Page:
This list is for parents and caregivers of children who relapse from ALL. The relapse treatment protocols are more aggressive than the treatments for ALL in first remission, and often include bone marrow transplants. As in other pediatric cancer lists, all aspects of having a child with cancer are discussed.
4YOUth is a list for young people who have or had cancer. Parents of children with cancer are not allowed in this group. The list is overseen by an adult survivor of cancer who has years of experience working with young survivors of cancer.
Ped-onc-survivors was founded in September of 2000 by a parent of a survivor of an adolescent cancer and a long term survivor of an adolescent cancer. POS is intended for parents/family members of survivors who are off treatment for any type of childhood cancer. In POS, we discuss all aspects of survivorship, and share ideas, information, and support.
The LT-survivors listserve discusses finding and establishing good follow-up care. It addresses the social issues that are of concern to survivors (insurance, disability benefits, employment and education discrimination). But perhaps most importantly, it is a place where survivors can openly and freely discuss the health problems related to treatment. Additionally, the psychological and emotional impact of being a “long-term survivor” (versus a “cancer patient”) are also integral themes for discussion on the LT-survivors listserv.
A Yahoo list of over 70 primarily caretakers of children with pediatric brain tumors of all varieties.
An e-mail support group for parents who have lost a child to cancer, or whose child is in hospice care for cancer.
A Yahoo list for Jewish parents who have lost a child.
Apraxia-Kids mailing list
This website and mailing list covers oral motor apraxia and related disabilities. To subscribe, send an email with the message “subscribe apraxia-kids FirstName LastName.”
Cerebellar Mutism Brain Tumor Listserv Yahoogroup
Listserv providing information and online support for parents and caregivers of children who suffered from cerebellar mutism and posterior fossa syndrome after brain tumor surgery/resection. Included is a 52 page web-based resource guide.
DIPG Listserv Yahoogroup
This group is primarily for parents of children diagnosed with Diffuse Intrinsic Pontine Glioma (DIPG). The membership includes parents who are in all stages of the DIPG journey.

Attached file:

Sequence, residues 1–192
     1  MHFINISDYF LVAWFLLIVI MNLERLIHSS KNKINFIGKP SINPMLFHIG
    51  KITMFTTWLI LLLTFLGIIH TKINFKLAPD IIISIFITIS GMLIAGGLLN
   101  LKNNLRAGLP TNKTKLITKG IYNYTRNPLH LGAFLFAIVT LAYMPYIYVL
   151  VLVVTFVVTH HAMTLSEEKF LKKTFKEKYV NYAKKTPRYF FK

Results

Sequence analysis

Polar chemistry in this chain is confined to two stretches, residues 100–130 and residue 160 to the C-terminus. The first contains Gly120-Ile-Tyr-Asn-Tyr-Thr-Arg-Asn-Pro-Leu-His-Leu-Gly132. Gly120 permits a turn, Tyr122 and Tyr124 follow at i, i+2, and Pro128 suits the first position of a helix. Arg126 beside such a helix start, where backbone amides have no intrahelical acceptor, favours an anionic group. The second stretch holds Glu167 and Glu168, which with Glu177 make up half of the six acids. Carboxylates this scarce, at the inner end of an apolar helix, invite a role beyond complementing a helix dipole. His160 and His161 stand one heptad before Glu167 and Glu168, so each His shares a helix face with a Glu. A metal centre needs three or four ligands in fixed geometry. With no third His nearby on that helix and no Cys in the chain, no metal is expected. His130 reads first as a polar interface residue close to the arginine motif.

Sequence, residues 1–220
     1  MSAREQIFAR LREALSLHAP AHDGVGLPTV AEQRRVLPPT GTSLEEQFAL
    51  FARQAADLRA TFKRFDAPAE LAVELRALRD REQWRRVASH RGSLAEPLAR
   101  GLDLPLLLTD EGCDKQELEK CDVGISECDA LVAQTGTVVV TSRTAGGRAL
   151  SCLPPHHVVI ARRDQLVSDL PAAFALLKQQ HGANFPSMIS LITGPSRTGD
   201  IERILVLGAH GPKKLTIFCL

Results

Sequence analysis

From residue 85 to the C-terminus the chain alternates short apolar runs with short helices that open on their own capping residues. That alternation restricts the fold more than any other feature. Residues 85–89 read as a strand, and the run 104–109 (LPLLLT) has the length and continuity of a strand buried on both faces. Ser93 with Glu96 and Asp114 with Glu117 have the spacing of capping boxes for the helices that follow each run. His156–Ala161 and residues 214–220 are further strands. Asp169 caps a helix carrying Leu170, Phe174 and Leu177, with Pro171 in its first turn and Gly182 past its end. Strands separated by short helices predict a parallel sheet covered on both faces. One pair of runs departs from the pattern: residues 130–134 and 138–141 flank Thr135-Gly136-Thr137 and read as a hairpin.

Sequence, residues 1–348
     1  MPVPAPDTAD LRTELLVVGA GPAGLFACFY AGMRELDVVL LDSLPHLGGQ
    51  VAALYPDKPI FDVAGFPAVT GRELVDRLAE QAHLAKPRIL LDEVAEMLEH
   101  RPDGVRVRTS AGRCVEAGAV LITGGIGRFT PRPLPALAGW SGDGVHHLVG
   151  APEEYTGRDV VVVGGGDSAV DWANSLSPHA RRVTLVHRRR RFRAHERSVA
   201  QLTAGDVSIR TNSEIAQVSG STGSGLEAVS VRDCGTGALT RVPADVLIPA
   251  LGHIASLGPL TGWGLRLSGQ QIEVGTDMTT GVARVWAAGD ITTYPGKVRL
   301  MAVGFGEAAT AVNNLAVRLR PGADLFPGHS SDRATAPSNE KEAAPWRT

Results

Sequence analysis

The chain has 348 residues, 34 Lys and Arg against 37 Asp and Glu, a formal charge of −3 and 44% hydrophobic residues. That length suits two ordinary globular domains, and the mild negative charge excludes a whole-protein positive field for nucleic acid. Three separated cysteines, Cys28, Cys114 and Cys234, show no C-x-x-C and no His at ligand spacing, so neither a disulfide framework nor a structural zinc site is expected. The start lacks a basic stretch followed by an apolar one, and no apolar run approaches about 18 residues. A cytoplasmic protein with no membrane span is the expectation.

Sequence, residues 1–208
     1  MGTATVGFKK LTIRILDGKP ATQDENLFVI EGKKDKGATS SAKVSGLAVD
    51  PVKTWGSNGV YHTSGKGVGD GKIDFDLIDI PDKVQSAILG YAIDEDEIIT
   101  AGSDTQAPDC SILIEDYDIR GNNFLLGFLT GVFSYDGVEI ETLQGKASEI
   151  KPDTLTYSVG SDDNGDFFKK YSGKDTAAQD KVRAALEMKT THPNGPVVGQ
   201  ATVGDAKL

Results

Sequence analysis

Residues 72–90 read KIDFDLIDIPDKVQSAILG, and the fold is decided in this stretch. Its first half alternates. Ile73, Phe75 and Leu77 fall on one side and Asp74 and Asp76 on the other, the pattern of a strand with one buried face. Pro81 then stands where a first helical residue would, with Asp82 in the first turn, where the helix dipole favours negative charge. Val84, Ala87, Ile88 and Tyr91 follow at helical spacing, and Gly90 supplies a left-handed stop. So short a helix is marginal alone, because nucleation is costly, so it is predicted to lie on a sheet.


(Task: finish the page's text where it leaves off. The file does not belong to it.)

Educating Brain Tumor Kids
A group with links and files dealing with neuropsychological testing, school re-entry, school options, late effects, etc. There is an associated listserv with archives.
Home Schooling Special Needs Children
This group is interested in supporting parents who chose to home school their children with special needs. Most members have medically fragile children dealing challenges in speech, motor development and learning disabilities and home school full time or part of the time. Topics include: curricula, speech, feeding issues, OT, PT, siblings, and a host of other issues.
This list is open to all people interested in hydrocephalus.
IEP Guide and Listserv Yahoogroup
This is a very large listserv of more than 1600 people that offers special education support and has a free IEP guidebook.
Low Grade Glioma Kids Listserv Yahoogroup
Online support group for parents of children with low grade gliomas of any type including juvenile pilocytic astrocytoma (JPA), pilomxyoic astrocytoma (PMA), pleomorphic xanthoastrocytoma (PXA), fibrillary astrocytoma, oligodendroglioma or ganglioglioma.
Medulloblastoma Brain Tumor Listserv Yahoogroup
Listserv providing information and online support for parents and caregivers of children diagnosed with a medulloblastoma brain tumor.
Pediatric Brain Tumor Angels Listserv Yahoogroup
Listserv providing online support for parents and caregivers who are facing end of life issues with a child who has a brain tumor and to provide extended support for parents of children who have died after battling a brain tumor.
Pediatric Brain Tumor Facial Paralysis Listserv Yahoogroup
Listserv providing online support for parents and caregivers to gain information and support regarding facial nerve paralysis after surgery for pediatric brain tumor surgery/resection.
Pediatric Brain Tumor Listserv Yahoogroup
Listserv providing information and online support for parents and caregivers of children diagnosed with all types of pediatric brain tumors including: Astrocytoma, Atypical Teratoid/Rhabdoid, Glioblastoma Multiforme, pleomorphic xanthoastrocytoma, Craniopharyngioma, DIPG, Gangliocytoma, Ganglioglioma, Germinoma, Glioma, Medulloblastoma, Metastatic Brain Tumor, Neurocytoma, Oligodendroglioma, Juvenile Pilocytic Astrocytoma, JPA, Pineocytoma, Pineoblastoma, PNET, Diffuse Intrinsic Pontine Glioma, Primitive Neuroectodermal Tumor, Teratoma, and ependymoma.
The main focus of the RB-Survivors mailing list is intended to be a forum for r-blastoma survivors to exchange experiences on coping with the disease and to gain vital information that is often hard to find.
For parents/caregivers/doctors discuss the brain cancers, medulloblastoma and PNET. Communicate with parents, patients, relatives and doctors through e-mail on the subject of Medulloblastoma and PNET brain cancers. Although the list is primarily a medulloblastoma list, any primary brain tumour will not be turned away. Some other representative cancers include: ependymoblastoma, pineoblastoma, spongioblastoma, and other types of childhood primary brain and spinal tumours.
Brain Trust list: Brain tumors (not pediatric specific). Braintmr is a listserve for brain tumor patients and caregivers.
This Yahoo list is a list of approximately 65 people who share a common interest in these complications from posterior fossa surgery. The files and book marks are one of the best aspects of this site. There is an annotated bibliography from a medline search on cerebellar mutism, a bibliography on radiation and cognitive effects, and several articles from a speech pathologist. Several parents as well as medical professionals are on this list.